Reading... adult books, still.  And am in need of a palate cleanser - yet most of my go-to authors either published earlier this year or aren't planning to.  Sigh. Ideas?

Listening... to whatever shows up on my iPod.  It's not that I don't care, it's that there's a lot going on and I'm using my time driving to/from work to think.  Yes, I should be more mindful or present.  Working on that, I promise.

Watching... the last season of 19-2.  I binged watched most of it last weekend, but saved the last episode for this one.

Following... The Lightning Notes.  My friend Diana pointed me to them a while ago and, well, it's a "must read" in my Feedbin lists. Example:

Uncorking... nothing, at the moment.  Lots of tea being drunk, however, thanks to finding MEM Tea's outlet nearby.  Although I will have to order some from my two fave Canadian shops soon.

Looking... at my cankles and really hoping that I can get off the Prednisone soon.  I really don't want to have to buy new shoes and clothes because of this stupid eye thing.


The easy way out (aka "the problem with Facebook")

The other day, a friend posted this on Facebook:

As someone who has autoimmune diseases, and as someone who has many friends fighting their own battles against them, I appreciate the thought but... UGH.

Look at the last three words: copy and paste.  Why?  What possible good will that do?  Why not "type AMEN and share" or "can I get 10,000 likes" or some other (to my mind) incredibly passive way of supporting people who are depressed, fighting a disease, or otherwise pushing for recognition or bringing attention to a favored cause or point-of-view?  Instead, why not encourage people to call their Senator or other elected official to encourage them to fund medical research and health care access?  Why not donate to research hospitals looking for cures?  Or to hospitals (or health care organizations like Doctors Without Borders who provide care to those in dire situations)?  Or, in your hometown, to a hospital or nursing home so those who can't afford good care can get it?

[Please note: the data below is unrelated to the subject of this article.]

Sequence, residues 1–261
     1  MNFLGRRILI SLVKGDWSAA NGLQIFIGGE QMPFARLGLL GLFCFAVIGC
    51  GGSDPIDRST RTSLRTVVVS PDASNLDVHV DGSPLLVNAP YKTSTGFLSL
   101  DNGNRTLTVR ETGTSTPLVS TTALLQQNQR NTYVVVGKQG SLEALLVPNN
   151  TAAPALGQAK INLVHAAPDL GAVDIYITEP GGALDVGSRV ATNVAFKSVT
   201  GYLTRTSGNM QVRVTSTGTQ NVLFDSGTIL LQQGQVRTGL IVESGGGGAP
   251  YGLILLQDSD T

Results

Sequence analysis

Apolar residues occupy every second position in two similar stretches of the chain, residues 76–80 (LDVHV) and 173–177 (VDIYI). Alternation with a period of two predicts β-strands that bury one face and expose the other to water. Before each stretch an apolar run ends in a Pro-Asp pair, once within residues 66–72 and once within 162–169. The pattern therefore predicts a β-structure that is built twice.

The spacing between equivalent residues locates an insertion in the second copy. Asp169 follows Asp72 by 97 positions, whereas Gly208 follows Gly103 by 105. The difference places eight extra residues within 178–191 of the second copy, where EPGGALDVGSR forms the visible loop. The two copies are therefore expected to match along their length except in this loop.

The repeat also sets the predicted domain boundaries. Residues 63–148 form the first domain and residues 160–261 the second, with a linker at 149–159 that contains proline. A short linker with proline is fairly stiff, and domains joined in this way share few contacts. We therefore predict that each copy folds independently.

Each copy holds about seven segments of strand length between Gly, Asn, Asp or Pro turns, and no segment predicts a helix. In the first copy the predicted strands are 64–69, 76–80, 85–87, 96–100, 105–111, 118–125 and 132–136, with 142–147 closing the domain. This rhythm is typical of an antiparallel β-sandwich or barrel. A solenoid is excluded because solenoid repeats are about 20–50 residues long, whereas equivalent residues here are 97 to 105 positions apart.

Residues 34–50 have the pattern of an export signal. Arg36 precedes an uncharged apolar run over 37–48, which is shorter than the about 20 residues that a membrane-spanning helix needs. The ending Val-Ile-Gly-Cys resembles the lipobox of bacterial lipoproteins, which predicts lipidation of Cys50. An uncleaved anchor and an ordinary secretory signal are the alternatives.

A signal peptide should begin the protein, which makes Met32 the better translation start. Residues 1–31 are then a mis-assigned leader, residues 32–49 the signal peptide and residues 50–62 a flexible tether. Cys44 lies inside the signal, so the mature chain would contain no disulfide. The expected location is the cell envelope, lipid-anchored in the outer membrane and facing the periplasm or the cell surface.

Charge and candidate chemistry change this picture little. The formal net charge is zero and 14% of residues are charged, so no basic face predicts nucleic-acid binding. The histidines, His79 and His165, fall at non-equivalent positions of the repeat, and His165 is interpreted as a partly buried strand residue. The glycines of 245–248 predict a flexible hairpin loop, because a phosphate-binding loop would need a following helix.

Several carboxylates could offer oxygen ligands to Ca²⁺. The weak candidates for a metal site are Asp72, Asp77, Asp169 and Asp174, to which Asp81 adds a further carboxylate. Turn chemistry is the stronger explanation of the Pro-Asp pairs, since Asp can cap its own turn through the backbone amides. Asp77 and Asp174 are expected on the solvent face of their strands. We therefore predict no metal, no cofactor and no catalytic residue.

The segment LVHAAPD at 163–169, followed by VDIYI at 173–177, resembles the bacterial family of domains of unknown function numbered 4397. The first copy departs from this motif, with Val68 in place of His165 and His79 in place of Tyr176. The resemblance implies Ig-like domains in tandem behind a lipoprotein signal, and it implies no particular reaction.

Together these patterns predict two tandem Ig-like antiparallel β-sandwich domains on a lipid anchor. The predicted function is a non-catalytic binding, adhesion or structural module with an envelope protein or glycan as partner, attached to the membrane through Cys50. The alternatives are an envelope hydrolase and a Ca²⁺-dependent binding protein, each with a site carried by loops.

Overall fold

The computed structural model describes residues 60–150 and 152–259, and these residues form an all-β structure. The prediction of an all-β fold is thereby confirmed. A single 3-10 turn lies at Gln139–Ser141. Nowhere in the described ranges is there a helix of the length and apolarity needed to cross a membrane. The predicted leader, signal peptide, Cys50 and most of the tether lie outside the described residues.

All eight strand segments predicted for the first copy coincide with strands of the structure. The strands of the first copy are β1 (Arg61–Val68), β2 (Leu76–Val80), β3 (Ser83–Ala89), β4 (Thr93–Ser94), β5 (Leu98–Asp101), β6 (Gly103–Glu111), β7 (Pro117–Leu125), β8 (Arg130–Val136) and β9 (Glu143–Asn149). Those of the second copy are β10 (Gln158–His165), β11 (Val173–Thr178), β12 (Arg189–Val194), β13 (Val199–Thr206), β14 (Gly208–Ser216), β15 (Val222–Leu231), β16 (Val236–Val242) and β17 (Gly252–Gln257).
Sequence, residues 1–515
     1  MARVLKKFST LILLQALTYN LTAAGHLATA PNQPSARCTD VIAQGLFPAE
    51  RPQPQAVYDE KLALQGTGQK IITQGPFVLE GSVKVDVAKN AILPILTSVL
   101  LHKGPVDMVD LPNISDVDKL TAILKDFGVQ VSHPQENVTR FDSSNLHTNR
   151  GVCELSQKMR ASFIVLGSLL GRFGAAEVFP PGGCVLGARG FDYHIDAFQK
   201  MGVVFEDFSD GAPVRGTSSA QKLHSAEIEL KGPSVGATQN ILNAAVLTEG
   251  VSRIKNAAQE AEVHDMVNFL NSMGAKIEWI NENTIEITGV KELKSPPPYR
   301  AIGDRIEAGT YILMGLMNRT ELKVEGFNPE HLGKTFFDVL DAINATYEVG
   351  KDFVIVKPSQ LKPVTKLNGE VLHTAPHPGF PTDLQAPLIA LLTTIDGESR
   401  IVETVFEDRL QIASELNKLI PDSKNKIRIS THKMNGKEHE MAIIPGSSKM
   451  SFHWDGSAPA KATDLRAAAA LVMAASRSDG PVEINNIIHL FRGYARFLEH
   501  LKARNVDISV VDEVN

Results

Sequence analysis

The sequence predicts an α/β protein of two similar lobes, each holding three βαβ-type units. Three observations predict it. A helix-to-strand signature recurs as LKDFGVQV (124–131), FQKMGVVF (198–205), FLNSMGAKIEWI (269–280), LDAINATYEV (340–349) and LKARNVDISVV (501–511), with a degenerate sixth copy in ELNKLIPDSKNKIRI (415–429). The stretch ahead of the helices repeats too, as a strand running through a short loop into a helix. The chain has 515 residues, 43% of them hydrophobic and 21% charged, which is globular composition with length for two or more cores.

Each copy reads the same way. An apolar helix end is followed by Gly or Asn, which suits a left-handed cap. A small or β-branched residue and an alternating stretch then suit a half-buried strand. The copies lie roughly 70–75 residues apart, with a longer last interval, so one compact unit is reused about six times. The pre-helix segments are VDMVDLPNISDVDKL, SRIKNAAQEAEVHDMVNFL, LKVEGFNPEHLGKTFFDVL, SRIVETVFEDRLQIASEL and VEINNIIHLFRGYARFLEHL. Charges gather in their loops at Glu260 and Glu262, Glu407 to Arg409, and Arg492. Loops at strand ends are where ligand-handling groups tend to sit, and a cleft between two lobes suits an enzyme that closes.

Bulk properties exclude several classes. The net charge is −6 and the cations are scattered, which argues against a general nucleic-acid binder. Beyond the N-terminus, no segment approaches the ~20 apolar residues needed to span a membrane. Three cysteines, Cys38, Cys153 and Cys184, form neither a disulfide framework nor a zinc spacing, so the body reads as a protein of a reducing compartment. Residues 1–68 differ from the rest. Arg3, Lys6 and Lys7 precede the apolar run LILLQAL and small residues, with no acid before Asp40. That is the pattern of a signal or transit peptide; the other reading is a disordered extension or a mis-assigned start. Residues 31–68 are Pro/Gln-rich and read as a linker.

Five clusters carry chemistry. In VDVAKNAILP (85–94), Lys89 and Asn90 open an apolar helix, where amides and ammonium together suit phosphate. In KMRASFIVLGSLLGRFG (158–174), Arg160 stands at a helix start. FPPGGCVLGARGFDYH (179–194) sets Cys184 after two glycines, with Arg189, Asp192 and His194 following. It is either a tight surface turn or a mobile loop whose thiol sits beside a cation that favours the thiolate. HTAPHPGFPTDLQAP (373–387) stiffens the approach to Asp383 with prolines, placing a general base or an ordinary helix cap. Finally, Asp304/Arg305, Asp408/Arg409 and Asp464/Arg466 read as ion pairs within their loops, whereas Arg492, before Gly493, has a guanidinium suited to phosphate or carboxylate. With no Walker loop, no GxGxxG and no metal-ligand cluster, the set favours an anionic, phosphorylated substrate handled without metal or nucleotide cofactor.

Far too many of my friends - and there are only two people I'm connected to on Facebook who are not friends off Facebook, one of whom was my father's advisee "back in the day" so of course I had to "friend" him - post these things.  One of my relatives constantly posts links and pleas to sign online petitions , none of which I sign because they have no weight much less vetting.

Example?  The amazing support (in school librarian-land) for Carl Harvey's petition asking for support from the White House to get a certified school librarian in every school.  So much excitement, so much chatter... and ultimately, the response was "thanks, we'll pass this along"

How many of these petitions, reposts, AMENS and sharings have an effect?  It's the easy way out, the easy way to sit back and think you're actually doing something, honoring someone or supporting a cause.  And that's one of the huge problems with Facebook.  The goal, as I understand it, was to bring people at Harvard together, to get to know classmates better.  The result, or one of the results, has been to encourage a passive form of supporting those in need or getting involved.

I'm thinking of posting a request that friends refrain from reposting memes, gifs, Game of Thrones photos, etc. for a week.  How many shares do you think that'll get?  Hey: share this post.  That'll help!


A suggestion